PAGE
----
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Preserving my dad’s values for future generations

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We’ve had the opportunity to spend a few days in the Pacific Northwest with my Uncle Flip and Aunt Michelle this week. It’s always a treat to see them since they live on the far end of the country from us and it isn’t always easy to get up there. When we can arrange to have a few days to spend with them (thanks again, Landstar), it’s just awesome.

My Uncle Flip is daddy’s only living brother, and being with him is a lot like being able to be around my dad again. He tells me stories about them when they were young, and I get an insight on the guy named “Rex,” instead of the guy I knew as “Daddy.” It’s extremely comforting to me to know the family history isn’t lost – Uncle Flip is very passionate about his heritage and knowing our family origins, and he passes the knowledge on any chance he gets.

My dad taught my brothers and me to respect the flag and the people who put their lives on the line for the right to fly it freely.My dad taught my brothers and me to respect the flag and the people who put their lives on the line for the right to fly it freely.

My dad taught my brothers and me to be good Americans. He taught us to respect the flag and the people who put their lives on the line for the right to fly it freely. He taught us to obey the law, to respect the lawmen and women, and assist them in any way to do their job. He taught us our rights, and showed us how to use a gun safely. He taught us to believe and have faith in a higher power, and to hold true to it, regardless of the implications. He taught us to rely on ourselves, be a steward to the land around us, and help those who can’t help themselves.

There was a time when all of these qualities were considered the traits of good Americans. People who worked hard and paid their dues were able to live freely and as long as they weren’t breaking the laws of man, they were left alone.

My daddy would be heartbroken to see the shambles of those ideas we have left in our society. It is the only reason I would ever be glad he didn’t live to see it. It would absolutely horrify him to know I can’t watch “The Dukes of Hazard” on TV anymore because it’s considered racist now. It would kill him to know I can’t walk into certain establishments with a picture of a skull, gun or flag on my T-shirt, even if I was there to spend money. He’d be more than a little irritated at the fact that I couldn’t walk my dog on a leash in certain cities, without having it taken from me, because of the breed.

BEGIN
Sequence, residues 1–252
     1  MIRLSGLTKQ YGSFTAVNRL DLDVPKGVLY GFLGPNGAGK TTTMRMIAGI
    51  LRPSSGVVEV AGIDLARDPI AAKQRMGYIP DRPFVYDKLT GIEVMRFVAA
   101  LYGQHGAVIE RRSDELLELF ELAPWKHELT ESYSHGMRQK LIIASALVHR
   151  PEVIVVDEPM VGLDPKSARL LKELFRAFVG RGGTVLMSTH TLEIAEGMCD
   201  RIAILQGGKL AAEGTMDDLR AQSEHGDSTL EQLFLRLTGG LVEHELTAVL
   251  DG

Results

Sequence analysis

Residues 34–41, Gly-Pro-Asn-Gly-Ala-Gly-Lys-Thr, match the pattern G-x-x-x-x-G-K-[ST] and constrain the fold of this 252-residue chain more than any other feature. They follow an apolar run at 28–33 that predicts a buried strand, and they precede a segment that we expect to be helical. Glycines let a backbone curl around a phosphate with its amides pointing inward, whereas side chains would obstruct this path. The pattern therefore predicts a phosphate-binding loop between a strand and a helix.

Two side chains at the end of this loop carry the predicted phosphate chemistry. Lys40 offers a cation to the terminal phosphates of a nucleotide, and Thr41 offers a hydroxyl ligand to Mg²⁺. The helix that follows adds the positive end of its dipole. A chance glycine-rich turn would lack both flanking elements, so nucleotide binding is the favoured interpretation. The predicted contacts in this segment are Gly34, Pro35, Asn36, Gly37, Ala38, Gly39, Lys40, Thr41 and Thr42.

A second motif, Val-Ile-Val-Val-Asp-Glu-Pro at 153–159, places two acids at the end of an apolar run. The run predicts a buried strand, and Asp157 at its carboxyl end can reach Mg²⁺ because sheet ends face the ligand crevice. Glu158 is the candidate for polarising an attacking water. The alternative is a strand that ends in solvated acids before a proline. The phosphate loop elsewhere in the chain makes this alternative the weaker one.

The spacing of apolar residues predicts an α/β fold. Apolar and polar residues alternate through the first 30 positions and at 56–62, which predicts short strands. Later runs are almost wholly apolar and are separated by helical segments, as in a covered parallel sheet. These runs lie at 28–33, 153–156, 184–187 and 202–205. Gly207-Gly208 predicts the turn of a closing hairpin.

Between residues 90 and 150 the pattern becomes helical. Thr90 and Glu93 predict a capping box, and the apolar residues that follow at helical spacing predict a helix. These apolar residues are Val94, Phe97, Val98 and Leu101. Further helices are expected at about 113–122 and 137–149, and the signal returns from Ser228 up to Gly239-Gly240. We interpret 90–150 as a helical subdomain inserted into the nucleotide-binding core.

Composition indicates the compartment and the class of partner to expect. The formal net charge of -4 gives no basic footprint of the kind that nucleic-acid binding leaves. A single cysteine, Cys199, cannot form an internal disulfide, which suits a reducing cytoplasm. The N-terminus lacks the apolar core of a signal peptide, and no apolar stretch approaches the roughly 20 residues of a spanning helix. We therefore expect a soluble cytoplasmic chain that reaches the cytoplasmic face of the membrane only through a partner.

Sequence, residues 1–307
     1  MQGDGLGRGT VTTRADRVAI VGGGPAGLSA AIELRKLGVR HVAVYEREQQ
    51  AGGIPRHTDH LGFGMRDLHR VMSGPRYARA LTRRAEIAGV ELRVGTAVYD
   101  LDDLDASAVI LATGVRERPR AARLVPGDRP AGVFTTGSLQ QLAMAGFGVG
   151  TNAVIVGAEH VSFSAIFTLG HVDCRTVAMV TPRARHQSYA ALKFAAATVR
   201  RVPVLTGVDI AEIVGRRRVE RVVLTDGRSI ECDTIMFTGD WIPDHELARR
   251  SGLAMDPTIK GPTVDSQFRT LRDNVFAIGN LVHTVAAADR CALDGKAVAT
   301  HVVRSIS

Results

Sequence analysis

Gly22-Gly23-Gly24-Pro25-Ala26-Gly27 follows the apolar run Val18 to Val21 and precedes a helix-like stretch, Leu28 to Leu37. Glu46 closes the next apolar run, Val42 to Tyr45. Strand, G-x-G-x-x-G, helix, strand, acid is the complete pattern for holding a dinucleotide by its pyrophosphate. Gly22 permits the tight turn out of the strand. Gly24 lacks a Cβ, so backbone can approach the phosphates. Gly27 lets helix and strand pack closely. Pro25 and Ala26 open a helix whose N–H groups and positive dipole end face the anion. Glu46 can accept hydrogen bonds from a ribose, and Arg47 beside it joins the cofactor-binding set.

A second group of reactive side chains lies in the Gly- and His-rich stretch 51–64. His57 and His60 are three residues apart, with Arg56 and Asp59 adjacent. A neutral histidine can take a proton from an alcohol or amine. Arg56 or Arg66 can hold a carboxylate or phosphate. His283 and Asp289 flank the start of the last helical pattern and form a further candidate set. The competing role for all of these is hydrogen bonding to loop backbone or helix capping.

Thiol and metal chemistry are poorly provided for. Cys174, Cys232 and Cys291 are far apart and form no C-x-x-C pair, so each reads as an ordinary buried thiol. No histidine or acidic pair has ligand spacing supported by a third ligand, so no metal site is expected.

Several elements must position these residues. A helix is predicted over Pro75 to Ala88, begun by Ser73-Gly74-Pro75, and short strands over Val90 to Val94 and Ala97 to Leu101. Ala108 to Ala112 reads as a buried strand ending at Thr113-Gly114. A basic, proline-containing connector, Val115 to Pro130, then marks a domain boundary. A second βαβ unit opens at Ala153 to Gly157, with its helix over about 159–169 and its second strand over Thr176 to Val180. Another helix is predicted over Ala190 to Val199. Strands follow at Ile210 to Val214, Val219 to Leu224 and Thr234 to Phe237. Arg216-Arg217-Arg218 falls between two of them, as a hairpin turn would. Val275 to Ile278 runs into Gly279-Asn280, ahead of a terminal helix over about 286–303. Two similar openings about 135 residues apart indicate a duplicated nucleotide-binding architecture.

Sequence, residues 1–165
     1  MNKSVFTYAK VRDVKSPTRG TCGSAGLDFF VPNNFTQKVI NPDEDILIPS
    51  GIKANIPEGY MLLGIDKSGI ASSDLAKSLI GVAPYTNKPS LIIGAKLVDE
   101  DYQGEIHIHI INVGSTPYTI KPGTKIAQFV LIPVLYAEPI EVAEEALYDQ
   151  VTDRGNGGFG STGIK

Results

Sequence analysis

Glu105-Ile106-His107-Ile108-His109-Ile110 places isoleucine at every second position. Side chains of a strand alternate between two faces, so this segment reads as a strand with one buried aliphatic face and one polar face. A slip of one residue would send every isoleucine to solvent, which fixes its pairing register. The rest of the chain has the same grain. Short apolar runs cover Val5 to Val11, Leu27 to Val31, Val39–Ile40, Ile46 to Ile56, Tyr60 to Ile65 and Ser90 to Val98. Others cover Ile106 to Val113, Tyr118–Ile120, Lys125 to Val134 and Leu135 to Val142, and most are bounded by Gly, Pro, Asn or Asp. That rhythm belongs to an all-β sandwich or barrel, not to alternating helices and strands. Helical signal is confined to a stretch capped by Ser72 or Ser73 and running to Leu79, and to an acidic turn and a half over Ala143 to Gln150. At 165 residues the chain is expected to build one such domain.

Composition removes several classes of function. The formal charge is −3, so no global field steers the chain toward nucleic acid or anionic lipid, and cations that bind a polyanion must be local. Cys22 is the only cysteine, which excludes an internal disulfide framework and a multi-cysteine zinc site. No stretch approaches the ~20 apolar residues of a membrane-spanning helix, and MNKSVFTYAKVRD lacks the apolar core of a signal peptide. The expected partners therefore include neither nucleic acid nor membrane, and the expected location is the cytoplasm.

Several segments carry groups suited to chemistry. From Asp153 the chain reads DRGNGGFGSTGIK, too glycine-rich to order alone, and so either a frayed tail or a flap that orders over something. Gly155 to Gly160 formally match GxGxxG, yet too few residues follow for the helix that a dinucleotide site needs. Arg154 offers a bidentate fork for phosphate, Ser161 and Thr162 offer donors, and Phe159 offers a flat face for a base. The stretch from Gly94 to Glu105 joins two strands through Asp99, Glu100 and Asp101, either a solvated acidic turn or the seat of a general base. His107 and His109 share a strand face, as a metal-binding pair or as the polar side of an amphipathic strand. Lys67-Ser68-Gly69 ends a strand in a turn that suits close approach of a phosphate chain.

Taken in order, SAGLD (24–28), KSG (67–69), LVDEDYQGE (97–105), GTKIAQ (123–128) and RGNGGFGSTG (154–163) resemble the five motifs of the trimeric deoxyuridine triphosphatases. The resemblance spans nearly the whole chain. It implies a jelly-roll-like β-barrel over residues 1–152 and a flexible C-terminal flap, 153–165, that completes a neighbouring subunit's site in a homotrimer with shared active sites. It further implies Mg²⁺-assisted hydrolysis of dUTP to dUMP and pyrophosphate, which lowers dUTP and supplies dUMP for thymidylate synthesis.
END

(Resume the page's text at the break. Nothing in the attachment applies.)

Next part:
He would mourn the loss of respect the general public has for the officers of the law. More importantly, he would be angry at the treatment our returning veterans have received, while a television show family of some of the most vapid and disgusting people on earth commands respect and awe from the general public.

We are upside down and backwards in the world today. Those of us who don’t acclimate to change well are having a hard time over here. The “NO” group is winning the war of life, there are far more “NO” than “YES” signs posted. After watching things unfold in the media this week, it’s become increasingly evident that the general public is so easily misguided, and so easily led, I seriously believe we are in imminent danger of stupiding ourselves to death as a nation.

We scream and cry on Facebook and FoxNews about the most non-issue issues and whip the partially and ill-informed into a frothing, gurgling frenzy. Meanwhile, the gubmint takes the opportunity to screw us in a thousand ways while no one was looking. Smoke and mirrors, folks. They fell for it, and they will again and again.

(By the way, in case you missed it, there’s this place called “Yemen” and they’re marching in the streets, calling for the death of Americans while they gather their forces and allies in the Middle East to do the same. But y’all just keep on fighting about a flag over there, don’t be concerned with the people plotting to kill you and destroy everything you know. It’s okay. The Kardashians will save you.)

As depressing as this is to me, I have hope that there are enough of us who cherish and know our history to keep it for the future generations. I want my great-grandchildren to know about the country called “America,” not the place they know as “Murica.” The thought that I will likely have to carry these histories as deep, dark secrets is ridiculous, but probably very close to the truth.

All of the bad can’t sway my love for this country. All the indignant self-righteous who consider themselves “activists” can’t make me hate the process. All the weirdness, hate and vitriol in the press only reinforces my belief that we are at least free enough to act stupid in public. As sad as it is, it’s something, and I’ll take it. God Bless America.

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